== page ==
Former Attorney General Loretta Lynch said during closed-door testimony on December 19, 2018, that she did not instruct former FBI Director James Comey to refer to the investigation in Hillary Clinton’s emails as a “matter,” contrary to what Comey said during public testimony in 2017.

Comey testified before the Senate Intelligence Committee on June 8, 2017 that Lynch specifically directed him to call the investigation a “matter,” and not an investigation.

“At one point, the Attorney General [Lynch] told me not to call it an investigation but instead to call it a ‘matter,’ which confused and concerned me,” Comey said during testimony. “But that was one of the bricks in the load that led me to conclude I have to step away from the [Justice] Department if we’re to close this case credibly.”

This revelation came about a month after Comey testified that the tarmac meeting between Lynch and former President Bill Clinton was one of “a number of things” that concerned him about the Justice Department’s ability to “credibly complete the investigation and decline prosecution without grievous damage to the American people’s confidence in the justice system.”

In newly released testimony from Lynch from December 2018, the former attorney general denied ever telling Comey to change how he spoke about the investigation. Zach Somers, a House Judiciary majority staffer, asked Lynch about whether she instructed Comey to use the term “matter” when referring to the Clinton email investigation. Lynch said Comey’s testimony “was the first time that he had ever indicated … that he had that impression of our conversation.”

Somers asked Lynch directly if she ever asked him to call it a “matter.” Lynch replied: “I did not. I have never instructed a witness as to what to say specifically. Never have, never will.”

When Lynch explained the background of the conversation that led Comey to claim he was instructed to call the investigation a “matter,” Lynch repeatedly used the word.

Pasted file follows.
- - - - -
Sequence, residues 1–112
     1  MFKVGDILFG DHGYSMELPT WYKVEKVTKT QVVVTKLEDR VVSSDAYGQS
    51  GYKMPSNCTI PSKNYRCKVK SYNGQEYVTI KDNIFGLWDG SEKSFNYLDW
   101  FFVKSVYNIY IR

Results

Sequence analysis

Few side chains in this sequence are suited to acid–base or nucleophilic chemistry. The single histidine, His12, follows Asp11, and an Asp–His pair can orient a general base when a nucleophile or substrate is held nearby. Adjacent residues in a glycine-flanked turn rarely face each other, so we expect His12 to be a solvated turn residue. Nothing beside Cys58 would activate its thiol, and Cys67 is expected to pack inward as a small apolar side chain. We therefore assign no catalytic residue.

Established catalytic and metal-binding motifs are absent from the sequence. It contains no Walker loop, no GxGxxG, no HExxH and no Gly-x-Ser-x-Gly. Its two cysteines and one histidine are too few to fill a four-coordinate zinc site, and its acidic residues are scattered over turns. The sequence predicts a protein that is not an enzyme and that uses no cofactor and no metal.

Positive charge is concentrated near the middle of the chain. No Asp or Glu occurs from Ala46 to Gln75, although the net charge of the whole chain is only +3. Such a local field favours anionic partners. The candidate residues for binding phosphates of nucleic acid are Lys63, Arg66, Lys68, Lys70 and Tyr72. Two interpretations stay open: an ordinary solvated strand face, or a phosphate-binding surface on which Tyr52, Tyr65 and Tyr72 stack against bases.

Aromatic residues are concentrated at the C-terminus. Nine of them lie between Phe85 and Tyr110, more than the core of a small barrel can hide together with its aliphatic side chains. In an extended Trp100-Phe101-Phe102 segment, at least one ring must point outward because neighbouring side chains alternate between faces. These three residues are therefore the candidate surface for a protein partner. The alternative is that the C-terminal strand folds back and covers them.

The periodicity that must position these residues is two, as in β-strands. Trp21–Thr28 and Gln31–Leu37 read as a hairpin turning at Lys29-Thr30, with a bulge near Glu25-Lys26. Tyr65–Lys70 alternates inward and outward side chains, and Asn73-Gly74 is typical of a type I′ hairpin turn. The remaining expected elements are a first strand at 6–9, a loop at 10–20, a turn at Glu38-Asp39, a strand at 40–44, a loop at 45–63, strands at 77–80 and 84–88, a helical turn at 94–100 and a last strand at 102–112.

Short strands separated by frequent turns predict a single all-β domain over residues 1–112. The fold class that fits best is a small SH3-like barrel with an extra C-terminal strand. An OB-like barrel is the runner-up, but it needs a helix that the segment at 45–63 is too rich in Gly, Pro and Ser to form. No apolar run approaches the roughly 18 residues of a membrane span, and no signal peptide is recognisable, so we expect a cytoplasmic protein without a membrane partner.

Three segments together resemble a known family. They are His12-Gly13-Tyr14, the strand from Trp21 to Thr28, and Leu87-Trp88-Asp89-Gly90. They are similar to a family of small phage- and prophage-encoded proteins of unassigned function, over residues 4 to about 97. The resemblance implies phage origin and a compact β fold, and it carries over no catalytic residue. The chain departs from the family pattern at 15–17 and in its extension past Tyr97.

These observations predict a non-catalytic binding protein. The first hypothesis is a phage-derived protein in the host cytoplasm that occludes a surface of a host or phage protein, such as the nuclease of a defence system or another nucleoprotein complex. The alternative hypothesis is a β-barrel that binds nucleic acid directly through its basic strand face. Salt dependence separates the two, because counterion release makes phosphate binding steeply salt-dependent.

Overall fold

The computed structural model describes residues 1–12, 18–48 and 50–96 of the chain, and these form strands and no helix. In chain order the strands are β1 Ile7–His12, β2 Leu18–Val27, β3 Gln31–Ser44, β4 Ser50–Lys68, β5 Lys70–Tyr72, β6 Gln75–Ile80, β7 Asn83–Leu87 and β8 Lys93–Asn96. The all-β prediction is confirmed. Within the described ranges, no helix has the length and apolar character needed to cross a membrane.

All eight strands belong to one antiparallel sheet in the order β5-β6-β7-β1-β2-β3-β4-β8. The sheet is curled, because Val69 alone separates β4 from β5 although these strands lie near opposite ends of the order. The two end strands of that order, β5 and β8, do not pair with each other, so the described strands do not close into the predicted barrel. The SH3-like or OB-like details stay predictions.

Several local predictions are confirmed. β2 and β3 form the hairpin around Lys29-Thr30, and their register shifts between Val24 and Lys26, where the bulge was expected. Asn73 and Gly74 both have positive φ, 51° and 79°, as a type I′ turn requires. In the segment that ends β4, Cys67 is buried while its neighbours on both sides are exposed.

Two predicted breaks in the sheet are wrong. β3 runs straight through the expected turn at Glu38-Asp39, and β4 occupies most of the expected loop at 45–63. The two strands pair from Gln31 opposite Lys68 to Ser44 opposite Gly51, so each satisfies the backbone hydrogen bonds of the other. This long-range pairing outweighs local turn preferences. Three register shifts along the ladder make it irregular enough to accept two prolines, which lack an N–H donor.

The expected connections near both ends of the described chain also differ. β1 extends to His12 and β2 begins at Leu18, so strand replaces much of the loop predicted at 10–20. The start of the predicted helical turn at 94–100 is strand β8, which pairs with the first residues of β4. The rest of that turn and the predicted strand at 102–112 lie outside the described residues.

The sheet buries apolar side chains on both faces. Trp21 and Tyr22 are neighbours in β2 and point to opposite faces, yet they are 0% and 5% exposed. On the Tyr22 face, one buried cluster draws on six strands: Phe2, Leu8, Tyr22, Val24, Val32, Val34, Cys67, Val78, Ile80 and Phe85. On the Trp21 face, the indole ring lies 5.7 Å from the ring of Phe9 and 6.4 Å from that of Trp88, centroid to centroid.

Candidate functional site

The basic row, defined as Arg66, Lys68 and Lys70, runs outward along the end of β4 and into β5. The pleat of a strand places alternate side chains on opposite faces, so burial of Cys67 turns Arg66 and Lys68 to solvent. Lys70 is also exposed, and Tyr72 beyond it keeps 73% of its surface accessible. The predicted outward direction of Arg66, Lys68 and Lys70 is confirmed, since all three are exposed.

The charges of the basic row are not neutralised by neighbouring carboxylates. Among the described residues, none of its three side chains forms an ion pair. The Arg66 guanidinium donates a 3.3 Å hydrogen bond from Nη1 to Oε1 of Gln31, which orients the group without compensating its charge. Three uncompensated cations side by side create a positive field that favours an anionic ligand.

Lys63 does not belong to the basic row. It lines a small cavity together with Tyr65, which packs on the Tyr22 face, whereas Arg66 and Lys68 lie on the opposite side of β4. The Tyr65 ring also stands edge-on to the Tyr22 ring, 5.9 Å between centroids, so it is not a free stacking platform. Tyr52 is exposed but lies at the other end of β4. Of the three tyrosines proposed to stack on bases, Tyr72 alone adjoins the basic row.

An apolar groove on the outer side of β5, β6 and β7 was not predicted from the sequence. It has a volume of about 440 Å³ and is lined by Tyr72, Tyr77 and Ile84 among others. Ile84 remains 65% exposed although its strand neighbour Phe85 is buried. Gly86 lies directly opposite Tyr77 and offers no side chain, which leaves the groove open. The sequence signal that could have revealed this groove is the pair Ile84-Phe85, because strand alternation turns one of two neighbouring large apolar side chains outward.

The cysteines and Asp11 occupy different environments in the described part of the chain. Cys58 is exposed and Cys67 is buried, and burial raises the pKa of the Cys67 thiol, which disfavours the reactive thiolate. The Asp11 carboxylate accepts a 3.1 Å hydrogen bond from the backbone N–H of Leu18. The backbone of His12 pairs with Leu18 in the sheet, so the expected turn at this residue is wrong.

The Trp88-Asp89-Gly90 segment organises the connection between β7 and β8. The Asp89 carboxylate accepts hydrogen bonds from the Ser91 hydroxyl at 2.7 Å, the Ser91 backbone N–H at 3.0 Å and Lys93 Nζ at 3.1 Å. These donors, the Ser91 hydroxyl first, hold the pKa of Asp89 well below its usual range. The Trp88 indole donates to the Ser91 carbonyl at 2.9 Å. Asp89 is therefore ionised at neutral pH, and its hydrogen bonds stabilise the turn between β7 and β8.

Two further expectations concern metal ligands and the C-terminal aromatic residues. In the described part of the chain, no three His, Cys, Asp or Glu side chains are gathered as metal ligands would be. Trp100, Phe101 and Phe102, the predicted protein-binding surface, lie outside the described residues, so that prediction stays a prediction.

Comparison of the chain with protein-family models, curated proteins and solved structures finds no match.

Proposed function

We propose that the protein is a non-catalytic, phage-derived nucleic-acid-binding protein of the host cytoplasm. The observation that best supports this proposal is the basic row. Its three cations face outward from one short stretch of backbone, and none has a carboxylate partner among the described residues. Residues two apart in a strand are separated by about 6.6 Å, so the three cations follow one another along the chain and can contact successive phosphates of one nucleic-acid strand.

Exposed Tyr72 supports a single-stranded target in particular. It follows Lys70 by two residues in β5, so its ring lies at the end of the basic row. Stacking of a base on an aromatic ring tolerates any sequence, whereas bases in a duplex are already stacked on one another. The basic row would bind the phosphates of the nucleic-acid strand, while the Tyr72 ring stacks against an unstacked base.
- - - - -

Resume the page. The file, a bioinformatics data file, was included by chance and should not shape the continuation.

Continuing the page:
“Obviously, we wanted to testify fully, fulsomely, and provide the information that was needed, but we were not at that point, in September of 2015, ready to confirm that there was an investigation into the email matter — or deny it. We were sticking with policy, and that was my position on that,” Lynch said. “I didn’t direct anyone to use specific phraseology. When the Director asked me how to best to handle that, I said: What I have been saying is we have received a referral and we are working on the matter, working on the issue, or we have all the resources we need to handle the matter, handle the issue. So that was the suggestion that I made to him.”

Lynch further said that she was “surprised” at the way Comey characterized their September 2015 conversation and again insisted she did not directly tell him to use the term.

“I was quite surprised that he characterized it in that way. We did have a conversation about it, so I wasn’t surprised that he remembered that we met about it and talked about it. But I was quite surprised that that was his characterization of it, because that was not how it was conveyed to him, certainly not how it was intended,” she said.

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